Concordia's Thursday Report

Vol. 29, No.5

November 4, 2004


Imagination to spare in animation show

By Patrick Lavery

Animation image by Liuyi Wang

Animation student Liuyi Wang explains this image: "I send you a painting describing my first job in Canada. Its name is Eight Eggs. My boss say I work too slow. He show me how fast he can work, but eight eggs fall and break on the floor."

There’s a real boom in both traditional and computer-aided animation in North America.

Students from the Mel Hoppenheim School of Cinema’s film animation program held a show in the VAV gallery from Oct. 19 to 23. Focusing on eight students, the exhibition showcased the different styles of animation being explored today.
Eric Bond used the traditional cell style, in which the animator draws many images to recreate the idea of movement on the screen.

His exhibit, Sound Environments, was a dark and disturbing animated short that incorporated flashes of white between the cells, creating intensity and anxiety as the as the viewer the images play across the screen.

Phillipe Ivanusic played with the convention of traditional animation. Instead of movie images, he scanned the storyboards to a potential animated short, then added voice, sound effects and a score, and let the viewer use their imagination to fill in the gaps.

The exhibition didn’t limit itself to images on screen. Many artists put up the drawings and ideas for animated films and short films. Others put up paintings, drawings and sculptures they had done.


One student, Liuyi Wang, a second-year animation student, brought in most of the work he had done while at Concordia. His animation included some shorts he did using Flash, a type of computer animation software.

One of the animated shorts, titled Sex-o-Matic, opted for the erotic, while another was of a stick-like figure trying to make his way out of an underground cave.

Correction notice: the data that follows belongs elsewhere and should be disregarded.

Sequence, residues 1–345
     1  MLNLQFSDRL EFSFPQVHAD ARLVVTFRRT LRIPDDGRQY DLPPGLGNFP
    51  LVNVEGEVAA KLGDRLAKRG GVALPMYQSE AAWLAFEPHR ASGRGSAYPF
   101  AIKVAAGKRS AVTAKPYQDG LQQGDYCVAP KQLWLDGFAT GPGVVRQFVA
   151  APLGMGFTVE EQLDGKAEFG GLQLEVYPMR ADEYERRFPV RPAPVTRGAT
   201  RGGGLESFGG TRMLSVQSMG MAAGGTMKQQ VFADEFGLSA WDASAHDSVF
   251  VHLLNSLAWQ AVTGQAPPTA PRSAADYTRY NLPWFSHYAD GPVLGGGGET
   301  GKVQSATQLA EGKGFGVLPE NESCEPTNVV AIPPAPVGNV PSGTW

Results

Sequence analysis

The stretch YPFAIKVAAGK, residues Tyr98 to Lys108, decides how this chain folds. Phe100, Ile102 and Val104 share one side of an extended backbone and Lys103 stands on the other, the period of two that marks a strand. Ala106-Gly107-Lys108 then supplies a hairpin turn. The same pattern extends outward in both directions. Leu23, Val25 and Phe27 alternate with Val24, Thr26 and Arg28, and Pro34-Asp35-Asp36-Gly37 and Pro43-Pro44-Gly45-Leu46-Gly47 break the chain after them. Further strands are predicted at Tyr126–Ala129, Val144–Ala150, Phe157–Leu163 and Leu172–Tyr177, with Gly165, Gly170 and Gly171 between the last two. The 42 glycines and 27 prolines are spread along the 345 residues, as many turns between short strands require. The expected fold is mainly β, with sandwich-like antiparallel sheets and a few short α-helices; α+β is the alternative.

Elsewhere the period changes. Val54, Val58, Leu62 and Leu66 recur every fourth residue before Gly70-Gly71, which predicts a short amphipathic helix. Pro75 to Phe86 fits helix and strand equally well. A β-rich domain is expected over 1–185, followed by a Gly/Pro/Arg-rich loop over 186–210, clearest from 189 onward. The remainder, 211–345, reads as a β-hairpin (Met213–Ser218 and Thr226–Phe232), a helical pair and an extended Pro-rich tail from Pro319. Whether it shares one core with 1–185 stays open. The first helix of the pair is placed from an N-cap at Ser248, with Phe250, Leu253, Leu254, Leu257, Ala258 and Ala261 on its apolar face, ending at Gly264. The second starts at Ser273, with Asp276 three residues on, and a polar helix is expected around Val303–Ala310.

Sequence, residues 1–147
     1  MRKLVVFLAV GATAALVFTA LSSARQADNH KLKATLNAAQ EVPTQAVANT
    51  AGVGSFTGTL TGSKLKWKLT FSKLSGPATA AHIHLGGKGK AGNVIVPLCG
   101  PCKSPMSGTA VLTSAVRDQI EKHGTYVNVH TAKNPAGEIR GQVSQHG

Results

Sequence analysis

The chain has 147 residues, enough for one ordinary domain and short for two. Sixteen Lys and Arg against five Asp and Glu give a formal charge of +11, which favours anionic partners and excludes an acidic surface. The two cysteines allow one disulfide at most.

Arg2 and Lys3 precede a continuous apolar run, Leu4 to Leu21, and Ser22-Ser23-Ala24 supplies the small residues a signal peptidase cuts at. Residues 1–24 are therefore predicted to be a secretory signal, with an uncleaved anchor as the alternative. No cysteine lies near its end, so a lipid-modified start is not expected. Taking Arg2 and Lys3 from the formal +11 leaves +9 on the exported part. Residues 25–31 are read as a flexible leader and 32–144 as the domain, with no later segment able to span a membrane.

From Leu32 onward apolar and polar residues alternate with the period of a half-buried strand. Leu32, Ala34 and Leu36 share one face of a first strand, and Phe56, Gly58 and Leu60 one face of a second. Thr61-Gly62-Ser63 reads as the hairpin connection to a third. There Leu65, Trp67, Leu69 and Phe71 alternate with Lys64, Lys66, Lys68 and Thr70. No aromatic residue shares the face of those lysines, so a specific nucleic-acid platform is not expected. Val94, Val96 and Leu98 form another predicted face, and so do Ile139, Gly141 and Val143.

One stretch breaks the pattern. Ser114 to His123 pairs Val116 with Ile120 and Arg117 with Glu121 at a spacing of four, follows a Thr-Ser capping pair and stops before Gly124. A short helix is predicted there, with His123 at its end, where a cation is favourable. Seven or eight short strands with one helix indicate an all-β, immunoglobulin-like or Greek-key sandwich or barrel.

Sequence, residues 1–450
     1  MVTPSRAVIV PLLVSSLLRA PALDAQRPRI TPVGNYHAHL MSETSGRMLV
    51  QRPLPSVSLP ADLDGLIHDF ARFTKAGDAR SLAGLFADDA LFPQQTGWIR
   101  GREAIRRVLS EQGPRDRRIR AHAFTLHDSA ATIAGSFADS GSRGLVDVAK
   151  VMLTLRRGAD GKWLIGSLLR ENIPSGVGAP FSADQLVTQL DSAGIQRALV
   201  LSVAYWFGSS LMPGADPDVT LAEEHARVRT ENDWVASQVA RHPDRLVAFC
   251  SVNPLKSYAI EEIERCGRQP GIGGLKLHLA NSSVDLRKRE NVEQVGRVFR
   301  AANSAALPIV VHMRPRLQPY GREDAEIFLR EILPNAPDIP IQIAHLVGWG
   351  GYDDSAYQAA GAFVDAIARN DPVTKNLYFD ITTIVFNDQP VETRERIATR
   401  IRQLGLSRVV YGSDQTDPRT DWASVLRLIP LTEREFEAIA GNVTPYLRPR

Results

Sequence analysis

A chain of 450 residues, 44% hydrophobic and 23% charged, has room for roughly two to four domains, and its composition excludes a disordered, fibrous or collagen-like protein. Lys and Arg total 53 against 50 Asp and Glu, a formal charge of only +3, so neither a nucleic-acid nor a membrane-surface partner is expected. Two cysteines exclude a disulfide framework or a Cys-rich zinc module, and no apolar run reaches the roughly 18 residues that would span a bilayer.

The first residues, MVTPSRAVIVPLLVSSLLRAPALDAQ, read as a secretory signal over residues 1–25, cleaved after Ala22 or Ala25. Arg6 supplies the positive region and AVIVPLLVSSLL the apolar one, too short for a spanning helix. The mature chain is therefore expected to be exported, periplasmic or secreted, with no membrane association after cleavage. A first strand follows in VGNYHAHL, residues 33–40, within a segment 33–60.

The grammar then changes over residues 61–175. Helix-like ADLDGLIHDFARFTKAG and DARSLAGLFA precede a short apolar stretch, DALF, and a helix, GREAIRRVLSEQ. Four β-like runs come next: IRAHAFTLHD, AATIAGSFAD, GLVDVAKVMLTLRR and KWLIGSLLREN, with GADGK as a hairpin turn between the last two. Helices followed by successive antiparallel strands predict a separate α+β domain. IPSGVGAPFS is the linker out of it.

“It is very special to me,” Wang said of his work. “I came here from China, and I have spent four years working on some of this stuff.”

Wang’s portion of the exhibit included paintings he had finished since coming to Canada. They were glimpses of the experiences he had coming here as an immigrant, including working in restaurants and a garment factory. “I’d like to put these together into an animation,” he said.

Perhaps the most interesting piece Wang had on display were sculptures he had made out of old plastic anti-freeze jugs.

“I don’t have much money, so I have to look for things to work with,” he said.

When Wang turn the jug on its side, the handle took on the appearance of an elephant’s trunk.

“It reminded me of the old story about the four blind men who discover an elephant, and by feeling different parts of its body, they think it is different things. The blind man who feels its thick leg and rough skin believes the elephant to be a tree.”

Another sculpture was based on the story of a boy who had figured out how to weigh an elephant.

Several sketches that Wang had drawn were also on display. “These I do all the time,” he said. “I’ll do them in the metro, just sitting on a bench and watching people, or riding.”

The following students were also involved in the exhibition: Jordan
Lallouz, Zeynep Ackay, Kim Anderson, Nala Laontaine and Peter Ricq.